“I regret my health has become an ongoing challenge. I intend to fulfill my responsibilities and commitments to the people of Mississippi and the Senate through the completion of the 2018 appropriations cycle, after which I will formally retire from the U.S. Senate,” the 80-year-old said in a statement on Monday.
Cochran has been praised for his “quiet stately demeanor,” as USA Today put it, earning him the nickname “Gentleman Thad” by his peers in Congress.
Republican Gov. Phil Bryant will appoint Cochran’s temporary replacement within 10 days of his departure, with an election in November to determine who will serve the remaining two years of his term.
While we wish him the best with his health, we are not sad to see him leave the Senate.
Cochran has a great record when it comes to driving funds to his state, earning him another nickname, “King of Pork,” but a much less stellar one when it comes to LGBTQ rights.
Voted Against Marriage Equality
Cochran voted against marriage equality in 1996, and again in 2006, voting in favor of a constitutional ban on same-sex marriage. He also made clear he felt state law should trump federal law when it comes to marriage.
Voted Against Same-Sex Adoptions
Cochran also voted against same-sex adoptions, with his “No” vote on the Every Child Deserves a Family Act. It would prohibit public child welfare agency that receive federal financial assistance from discriminating against potential foster or adoptive parents on the basis of actual or perceived sexual orientation, gender identity, or marital status.
Voted Against Hate Crime Protections
He also voted against adding sexual orientation to the definition of hate crimes, both in 2000 and 2002. In 2009, then-President Barack Obama signed the Matthew Shepard and James Byrd, Jr. Hate Crimes Prevention Act, adding actual or perceived gender, sexual orientation, gender identity, and disability to the categories protected under existing federal hate crime law.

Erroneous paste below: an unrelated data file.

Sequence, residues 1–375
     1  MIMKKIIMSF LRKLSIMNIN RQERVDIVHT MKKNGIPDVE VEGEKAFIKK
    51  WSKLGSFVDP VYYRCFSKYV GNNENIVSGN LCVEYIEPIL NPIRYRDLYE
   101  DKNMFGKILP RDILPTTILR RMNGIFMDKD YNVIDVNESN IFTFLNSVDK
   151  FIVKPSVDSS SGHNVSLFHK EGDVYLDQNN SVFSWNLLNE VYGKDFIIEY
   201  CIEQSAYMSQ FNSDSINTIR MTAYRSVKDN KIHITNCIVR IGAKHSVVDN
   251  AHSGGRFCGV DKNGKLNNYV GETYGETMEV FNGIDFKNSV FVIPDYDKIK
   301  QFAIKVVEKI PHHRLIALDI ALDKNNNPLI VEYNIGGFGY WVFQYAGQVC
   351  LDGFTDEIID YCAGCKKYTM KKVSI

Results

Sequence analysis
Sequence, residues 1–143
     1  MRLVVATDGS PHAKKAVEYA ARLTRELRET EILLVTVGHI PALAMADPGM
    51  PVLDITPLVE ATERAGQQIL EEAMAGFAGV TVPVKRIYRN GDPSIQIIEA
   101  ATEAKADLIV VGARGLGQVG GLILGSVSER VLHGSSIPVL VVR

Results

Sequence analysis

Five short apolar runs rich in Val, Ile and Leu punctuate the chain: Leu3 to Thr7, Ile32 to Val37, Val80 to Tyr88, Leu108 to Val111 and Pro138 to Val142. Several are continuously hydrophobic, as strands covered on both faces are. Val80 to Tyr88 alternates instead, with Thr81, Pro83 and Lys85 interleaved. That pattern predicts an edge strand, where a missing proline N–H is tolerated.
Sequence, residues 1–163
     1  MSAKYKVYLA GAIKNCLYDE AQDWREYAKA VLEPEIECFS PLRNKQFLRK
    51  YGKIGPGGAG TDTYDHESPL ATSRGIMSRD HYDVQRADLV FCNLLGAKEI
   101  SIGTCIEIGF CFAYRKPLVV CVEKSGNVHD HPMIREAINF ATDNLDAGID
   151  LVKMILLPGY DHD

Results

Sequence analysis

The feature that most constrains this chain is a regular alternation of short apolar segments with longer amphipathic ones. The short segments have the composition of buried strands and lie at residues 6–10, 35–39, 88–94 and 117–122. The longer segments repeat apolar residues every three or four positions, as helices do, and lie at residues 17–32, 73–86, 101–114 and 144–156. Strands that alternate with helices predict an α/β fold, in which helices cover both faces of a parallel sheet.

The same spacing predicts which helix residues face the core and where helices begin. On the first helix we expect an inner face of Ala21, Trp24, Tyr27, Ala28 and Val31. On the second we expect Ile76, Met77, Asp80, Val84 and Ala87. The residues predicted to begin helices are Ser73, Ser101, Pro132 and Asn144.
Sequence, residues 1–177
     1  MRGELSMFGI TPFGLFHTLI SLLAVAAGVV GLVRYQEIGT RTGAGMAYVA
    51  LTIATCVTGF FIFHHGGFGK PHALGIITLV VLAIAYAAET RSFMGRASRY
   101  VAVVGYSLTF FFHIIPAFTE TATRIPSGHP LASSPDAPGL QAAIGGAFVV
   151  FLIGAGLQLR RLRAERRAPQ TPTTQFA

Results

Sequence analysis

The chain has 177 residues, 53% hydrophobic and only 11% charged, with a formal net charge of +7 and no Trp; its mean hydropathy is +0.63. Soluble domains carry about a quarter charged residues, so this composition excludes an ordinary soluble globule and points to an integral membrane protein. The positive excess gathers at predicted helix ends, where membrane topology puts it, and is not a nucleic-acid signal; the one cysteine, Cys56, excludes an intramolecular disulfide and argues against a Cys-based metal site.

Voted to Allow Broad Discrimination Across Various Areas of Life
Cochran didn’t see a piece of anti-LGBTQ discrimination legislation he couldn’t get behind.
He voted against the Equality Act, which would prohibit anti-LGBTQ discrimination in employment, housing, credit, education, public accommodations and services, federally funded programs, and jury service.
Additionally, he voted against prohibiting police from profiling, with the End Racial and Religious Profiling Act, which would prohibit law enforcement from targeting persons based on actual or perceived race, ethnicity, national origin, religion, gender, gender identity, or sexual orientation without evidence linking them to a crime.
Voted Against Keeping LGBTQ Human Rights Violators Out of the Country
Cochran voted against the Global Respect Act of 2017, which would impose sanctions on LGBTQ human rights violators and bar them from entering the United States.
Voted Against Ending the Criminalization of People Living With HIV/AIDS
A number of laws passed during the height of the HIV/AIDS epidemic, when fears and lack of understanding were still ruling the decision making in government, have criminalized harmless behavior from those living with HIV/AIDS, like spitting. The REPEAL HIV Discrimination Act would require a review of federal and state laws that impose these criminal liabilities on individuals with HIV.
Cochran voted…you guessed it, against.
Voted Against LGBTQ-Inclusive Sex Ed
He also voted against LGBTQ-inclusive sex education in schools, casting his “No” vote on the Real Education for Healthy Youth Act, to fund training of teachers in appropriate and comprehensive sex ed.
Voted Against Banning Conversion Therapy
Cochran struck yet another blow against young people’s health when he voted against banning conversion therapy. The Therapeutic Fraud Prevention Act, which failed to gain his support, would classify the provision and advertising of conversion therapy (aka “pray the gay away”) in exchange for monetary compensation as a fraudulent practices.
Voted Against A Measure to End Harassment on College Campuses
Finally, Cochran also voted “No” on The Tyler Clementi Higher Education Anti-Harassment Act, named after a gay student at Rutgers University who committed suicide following an invasion of his privacy and bullying. It would require colleges and universities that receive federal student aid funding to prohibit harassment, and to establish a grant program to support campus anti-harassment programs.